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RIM Statement on India’s Demands for Access to Messaging Services – “No Ability to Provide its Customers’ Encryption Keys”

“Contrary to any rumors, the security architecture is the same around the world and RIM truly has no ability to provide its customers’ encryption keys.”

Authorities in India, in and effort to keep militants and spies off its mobile networks, is demanding access to email and messaging services provided by Research In Motion, maker of BlackBerry.

India has given Research In Motion a deadline of August 31st to comply with a request to gain access to encrypted BlackBerry messaging services within India.

“Contrary to any rumors, the security architecture is the same around the world and RIM truly has no ability to provide its customers’ encryption keys.”

Authorities in India, in and effort to keep militants and spies off its mobile networks, is demanding access to email and messaging services provided by Research In Motion, maker of BlackBerry.

India has given Research In Motion a deadline of August 31st to comply with a request to gain access to encrypted BlackBerry messaging services within India.

India’s demands come after Saudi Arabia demanded similar access and according to reports, RIM has agreed to provide government authorities codes for BlackBerry Messenger users in Saudi Arabia.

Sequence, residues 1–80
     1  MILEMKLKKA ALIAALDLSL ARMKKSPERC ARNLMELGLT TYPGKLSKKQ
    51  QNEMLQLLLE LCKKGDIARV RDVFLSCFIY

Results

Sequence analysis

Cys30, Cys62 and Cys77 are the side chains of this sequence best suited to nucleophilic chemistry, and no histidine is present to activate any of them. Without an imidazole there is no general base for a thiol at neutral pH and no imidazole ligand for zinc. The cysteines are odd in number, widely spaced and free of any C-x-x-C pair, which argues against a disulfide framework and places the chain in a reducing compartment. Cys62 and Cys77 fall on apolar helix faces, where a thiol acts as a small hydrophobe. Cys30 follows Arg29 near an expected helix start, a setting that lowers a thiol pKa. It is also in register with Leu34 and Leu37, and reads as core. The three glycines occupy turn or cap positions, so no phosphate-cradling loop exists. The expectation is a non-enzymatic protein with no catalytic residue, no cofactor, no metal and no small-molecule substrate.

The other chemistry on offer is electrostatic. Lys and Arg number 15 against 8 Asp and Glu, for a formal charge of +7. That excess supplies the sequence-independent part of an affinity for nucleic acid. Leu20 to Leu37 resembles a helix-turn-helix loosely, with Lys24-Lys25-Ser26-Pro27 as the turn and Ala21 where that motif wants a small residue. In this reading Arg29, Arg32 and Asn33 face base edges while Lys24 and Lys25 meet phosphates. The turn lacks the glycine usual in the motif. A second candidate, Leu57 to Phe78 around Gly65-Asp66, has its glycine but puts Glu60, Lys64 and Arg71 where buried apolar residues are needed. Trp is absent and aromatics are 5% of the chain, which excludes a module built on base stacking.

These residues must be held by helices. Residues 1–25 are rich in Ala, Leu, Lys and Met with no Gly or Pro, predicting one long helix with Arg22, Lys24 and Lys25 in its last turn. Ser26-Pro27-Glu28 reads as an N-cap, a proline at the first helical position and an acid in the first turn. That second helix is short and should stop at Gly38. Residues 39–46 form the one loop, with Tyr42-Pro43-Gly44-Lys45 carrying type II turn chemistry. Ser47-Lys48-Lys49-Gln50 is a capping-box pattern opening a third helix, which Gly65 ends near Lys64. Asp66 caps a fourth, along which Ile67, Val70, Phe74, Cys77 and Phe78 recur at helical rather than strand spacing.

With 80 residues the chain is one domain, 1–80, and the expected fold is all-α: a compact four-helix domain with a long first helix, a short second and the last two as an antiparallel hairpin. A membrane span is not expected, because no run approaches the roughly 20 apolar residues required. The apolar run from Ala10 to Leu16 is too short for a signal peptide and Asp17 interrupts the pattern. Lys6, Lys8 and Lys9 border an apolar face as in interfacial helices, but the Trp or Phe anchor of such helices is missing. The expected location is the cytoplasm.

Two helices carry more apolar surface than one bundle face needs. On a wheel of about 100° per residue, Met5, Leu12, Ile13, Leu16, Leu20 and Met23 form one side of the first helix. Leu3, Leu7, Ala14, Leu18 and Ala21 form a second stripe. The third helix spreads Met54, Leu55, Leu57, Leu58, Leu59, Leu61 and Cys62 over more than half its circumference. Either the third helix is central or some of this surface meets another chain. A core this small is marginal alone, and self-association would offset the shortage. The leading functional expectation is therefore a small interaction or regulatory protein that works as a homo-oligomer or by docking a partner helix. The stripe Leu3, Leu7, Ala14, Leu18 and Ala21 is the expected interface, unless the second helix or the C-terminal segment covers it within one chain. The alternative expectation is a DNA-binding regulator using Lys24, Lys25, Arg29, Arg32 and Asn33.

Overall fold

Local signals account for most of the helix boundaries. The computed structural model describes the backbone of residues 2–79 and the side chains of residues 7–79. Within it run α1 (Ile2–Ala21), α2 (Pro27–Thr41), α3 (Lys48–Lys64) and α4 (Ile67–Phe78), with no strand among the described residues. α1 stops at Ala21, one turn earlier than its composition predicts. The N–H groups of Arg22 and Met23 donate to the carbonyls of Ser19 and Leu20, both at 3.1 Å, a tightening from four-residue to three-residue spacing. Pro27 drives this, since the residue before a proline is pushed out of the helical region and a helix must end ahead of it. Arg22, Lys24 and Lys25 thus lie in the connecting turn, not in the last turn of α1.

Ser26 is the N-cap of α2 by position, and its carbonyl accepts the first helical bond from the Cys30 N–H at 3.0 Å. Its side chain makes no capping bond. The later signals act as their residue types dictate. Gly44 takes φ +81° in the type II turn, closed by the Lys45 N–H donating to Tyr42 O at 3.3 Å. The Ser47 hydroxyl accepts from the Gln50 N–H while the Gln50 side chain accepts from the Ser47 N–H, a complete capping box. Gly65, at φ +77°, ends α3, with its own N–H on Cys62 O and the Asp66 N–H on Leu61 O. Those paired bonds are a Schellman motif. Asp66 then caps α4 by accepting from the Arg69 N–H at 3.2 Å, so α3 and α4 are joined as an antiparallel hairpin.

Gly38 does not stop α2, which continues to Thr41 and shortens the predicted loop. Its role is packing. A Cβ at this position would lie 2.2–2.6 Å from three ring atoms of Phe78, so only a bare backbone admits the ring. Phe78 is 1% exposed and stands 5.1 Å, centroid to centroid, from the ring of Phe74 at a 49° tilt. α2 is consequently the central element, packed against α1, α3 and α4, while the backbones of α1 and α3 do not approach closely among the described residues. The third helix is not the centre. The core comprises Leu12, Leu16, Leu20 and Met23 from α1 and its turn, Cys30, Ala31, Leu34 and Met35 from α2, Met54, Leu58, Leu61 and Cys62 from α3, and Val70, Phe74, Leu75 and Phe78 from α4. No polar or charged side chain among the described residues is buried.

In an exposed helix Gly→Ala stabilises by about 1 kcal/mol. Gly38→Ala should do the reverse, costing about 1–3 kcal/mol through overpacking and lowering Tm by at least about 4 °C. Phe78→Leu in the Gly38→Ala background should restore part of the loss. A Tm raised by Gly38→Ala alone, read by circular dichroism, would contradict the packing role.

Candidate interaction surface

RIM, while trying to cooperate with governments, says they don’t really have a way to provide customer encryption keys.

RIM issued the following statement late Thursday night.

Although RIM cannot disclose confidential regulatory discussions that take place with any government, RIM assures its customers that it genuinely tries to be as cooperative as possible with governments in the spirit of supporting legal and national security requirements, while also preserving the lawful needs of citizens and corporations. RIM has drawn a firm line by insisting that any capabilities it provides to carriers for “lawful” access purposes be limited by four main principles:

1) The carriers’ capabilities be limited to the strict context of lawful access and national security requirements as governed by the country’s judicial oversight and rules of law.

2) The carriers’ capabilities must be technology and vendor neutral, allowing no greater access to BlackBerry consumer services than the carriers and regulators already impose on RIM’s competitors and other similar communications technology companies.

3) No changes to the security architecture for BlackBerry Enterprise Server customers since, contrary to any rumors, the security architecture is the same around the world and RIM truly has no ability to provide its customers’ encryption keys. Also driving RIM’s position is the fact that strong encryption is a fundamental commercial requirement for any country to attract and maintain international business anyway and similarly strong encryption is currently used pervasively in traditional VPNs on both wired and wireless networks in order to protect corporate and government communications.

4) RIM maintains a consistent global standard for lawful access requirements that does not include special deals for specific countries.

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